Editorial


Over the past few weeks there has been growing tensions between the government and the business community caused mainly by what the private sector sees as anti-business policies being implemented by the APNU/AFC Coalition.
The Private Sector Commission’s view that the country’s economy is being mis-managed saw the government labeling the body as being a political tool of the opposition.

The government’s reaction to sustained criticisms from the business community is indeed sad. The government would have only itself to blame should the images of the past when the private sector was miniaturized keep cropping up.

This government does not take the private sector seriously. It does not see the private sector as the engine of growth. By its actions the government seems to be applying economic thinking of the old days when the PNC, under the doctrine of “Paramountcy of the Party”, controlled more than 80 percent of the economy. Needless to say, the country went bankrupt.

The recent threat of the Georgetown Mayor to implement out-dated opening and closing hours for businesses in the main shopping areas in the centre of the city is a reminder of the mind-set that prevailed under past PNC regimes.
The PPP had changed those old laws and introduced more befitting best practices so as to encourage business and maker consumers more comfortable. That was good for the economy.

Since taking office, the government has taking similar out-dated practices, such as removing concessions to local and foreign investments.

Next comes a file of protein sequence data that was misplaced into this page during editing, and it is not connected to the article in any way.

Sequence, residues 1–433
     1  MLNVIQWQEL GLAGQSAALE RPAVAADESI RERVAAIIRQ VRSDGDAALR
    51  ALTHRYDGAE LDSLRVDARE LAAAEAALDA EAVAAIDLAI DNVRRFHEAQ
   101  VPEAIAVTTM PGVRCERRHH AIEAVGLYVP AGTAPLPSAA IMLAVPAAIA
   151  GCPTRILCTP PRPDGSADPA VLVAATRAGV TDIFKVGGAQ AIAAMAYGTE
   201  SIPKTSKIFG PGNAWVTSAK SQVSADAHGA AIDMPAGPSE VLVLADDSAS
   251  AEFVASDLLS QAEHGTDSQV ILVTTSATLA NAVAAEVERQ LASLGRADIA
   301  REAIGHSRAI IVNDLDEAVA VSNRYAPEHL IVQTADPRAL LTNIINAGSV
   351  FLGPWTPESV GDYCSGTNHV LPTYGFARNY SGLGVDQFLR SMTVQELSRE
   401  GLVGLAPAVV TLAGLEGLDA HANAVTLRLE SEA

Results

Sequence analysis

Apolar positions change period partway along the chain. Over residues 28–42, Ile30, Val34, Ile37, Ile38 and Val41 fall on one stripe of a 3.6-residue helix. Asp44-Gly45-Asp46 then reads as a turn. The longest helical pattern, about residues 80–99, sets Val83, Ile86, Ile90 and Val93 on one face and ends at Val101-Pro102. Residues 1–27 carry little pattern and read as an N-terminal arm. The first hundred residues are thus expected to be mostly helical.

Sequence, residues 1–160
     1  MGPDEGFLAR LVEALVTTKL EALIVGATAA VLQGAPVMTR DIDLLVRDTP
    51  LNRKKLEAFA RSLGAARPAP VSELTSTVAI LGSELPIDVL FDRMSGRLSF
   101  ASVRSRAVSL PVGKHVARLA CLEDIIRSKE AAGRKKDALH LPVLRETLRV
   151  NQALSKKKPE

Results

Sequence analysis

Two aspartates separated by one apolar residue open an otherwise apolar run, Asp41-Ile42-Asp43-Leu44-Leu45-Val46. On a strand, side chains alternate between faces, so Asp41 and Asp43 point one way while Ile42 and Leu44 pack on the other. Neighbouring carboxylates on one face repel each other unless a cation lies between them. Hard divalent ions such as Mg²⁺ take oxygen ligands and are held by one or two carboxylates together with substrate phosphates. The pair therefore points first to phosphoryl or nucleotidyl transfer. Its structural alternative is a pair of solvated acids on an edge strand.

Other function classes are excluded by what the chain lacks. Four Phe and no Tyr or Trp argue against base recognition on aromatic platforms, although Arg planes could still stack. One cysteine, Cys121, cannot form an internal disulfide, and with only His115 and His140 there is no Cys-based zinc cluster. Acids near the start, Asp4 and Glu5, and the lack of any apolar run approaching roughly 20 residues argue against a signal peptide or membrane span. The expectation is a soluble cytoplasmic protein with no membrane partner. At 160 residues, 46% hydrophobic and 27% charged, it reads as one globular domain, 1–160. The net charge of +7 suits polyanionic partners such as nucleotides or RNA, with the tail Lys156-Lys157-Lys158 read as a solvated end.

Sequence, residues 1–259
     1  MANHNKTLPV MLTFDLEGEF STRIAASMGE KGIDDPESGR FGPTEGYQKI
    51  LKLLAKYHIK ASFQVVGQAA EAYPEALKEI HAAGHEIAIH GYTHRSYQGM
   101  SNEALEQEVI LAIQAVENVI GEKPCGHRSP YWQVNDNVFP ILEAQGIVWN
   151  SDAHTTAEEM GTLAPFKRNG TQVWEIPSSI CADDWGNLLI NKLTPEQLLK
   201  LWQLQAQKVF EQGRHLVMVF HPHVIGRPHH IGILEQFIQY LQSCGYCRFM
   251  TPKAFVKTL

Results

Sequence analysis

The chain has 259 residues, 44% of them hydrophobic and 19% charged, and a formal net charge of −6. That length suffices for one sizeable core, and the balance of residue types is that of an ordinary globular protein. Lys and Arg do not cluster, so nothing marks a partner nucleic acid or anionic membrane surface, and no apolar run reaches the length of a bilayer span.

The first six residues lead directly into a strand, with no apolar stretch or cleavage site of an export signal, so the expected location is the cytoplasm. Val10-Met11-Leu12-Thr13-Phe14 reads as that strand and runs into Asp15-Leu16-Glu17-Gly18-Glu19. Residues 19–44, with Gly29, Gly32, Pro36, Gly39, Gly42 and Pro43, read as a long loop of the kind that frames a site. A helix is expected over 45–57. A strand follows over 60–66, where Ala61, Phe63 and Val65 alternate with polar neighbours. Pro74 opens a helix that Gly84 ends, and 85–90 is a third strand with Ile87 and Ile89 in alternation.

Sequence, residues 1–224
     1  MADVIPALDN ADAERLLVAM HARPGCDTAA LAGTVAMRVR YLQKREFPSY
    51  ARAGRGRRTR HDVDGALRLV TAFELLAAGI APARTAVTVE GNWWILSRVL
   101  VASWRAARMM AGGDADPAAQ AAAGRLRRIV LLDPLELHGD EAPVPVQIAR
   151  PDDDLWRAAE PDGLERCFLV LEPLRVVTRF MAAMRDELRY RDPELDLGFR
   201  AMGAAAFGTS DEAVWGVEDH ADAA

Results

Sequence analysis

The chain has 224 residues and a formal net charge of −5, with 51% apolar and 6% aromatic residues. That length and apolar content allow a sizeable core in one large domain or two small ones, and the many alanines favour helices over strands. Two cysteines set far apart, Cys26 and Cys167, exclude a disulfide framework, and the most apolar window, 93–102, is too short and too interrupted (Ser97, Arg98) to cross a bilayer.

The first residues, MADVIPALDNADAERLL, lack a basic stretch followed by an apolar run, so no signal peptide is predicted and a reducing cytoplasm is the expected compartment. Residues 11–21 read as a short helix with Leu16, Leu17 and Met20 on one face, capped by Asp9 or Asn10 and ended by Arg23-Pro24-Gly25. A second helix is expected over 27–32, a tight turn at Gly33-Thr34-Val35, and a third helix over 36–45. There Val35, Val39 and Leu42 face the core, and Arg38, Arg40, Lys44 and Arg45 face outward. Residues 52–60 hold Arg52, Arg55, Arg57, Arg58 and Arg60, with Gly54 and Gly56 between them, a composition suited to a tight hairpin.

It has stated that rice is none of government’s business and has left the industry to struggle for survival. It is now in a mad rush to do away with the sugar industry.

In the last year the private sector has suffered more tax burdens than the last two decades and the taxes on consumers through VAT has been suffocating to businesses all over the country.

This government has done everything to stifle the growth of the private sector. It has blamed the private sector for the shortage of foreign exchange rather than looking at its own anti-business policies.

The Private Sector Commission has stated quite clearly that it has no confidence in the government running the economy in such a way as to create wealth. As far the business sector is concerned the government intends to depend on taxes to run an ever expanding government apparatus. That is where jobs would be created.

There are no plans to attract investment to create jobs in the ten regions in Guyana as was the case under the PPP. Investment opportunities were growing at a rapid pace under the PPP.

A good example of what the PPP did was to have a vision to house Guyanese. Out of that notion, a very robust housing drive was undertaken that saw billions of investment made by locals. It was a comprehensive plan that saw benefits to thousands of Guyanese.

Today, the housing drive has come to an almost screeching halt with little or no investment in the sector.
The lack of economic activities is having its negative effects throughout Guyana. The slide is sure to continue as the government is not prepared to listen to sound advice and is not prepared to have discussions with the people who can invest in the country. In fact, some feel that the government is deliberately driving away investors and killing business.

No wonder they have not been able to deal with the serious economic and other issues raised by the business community, and has shown no inclination to have any form of engagement to reverse the economic decline.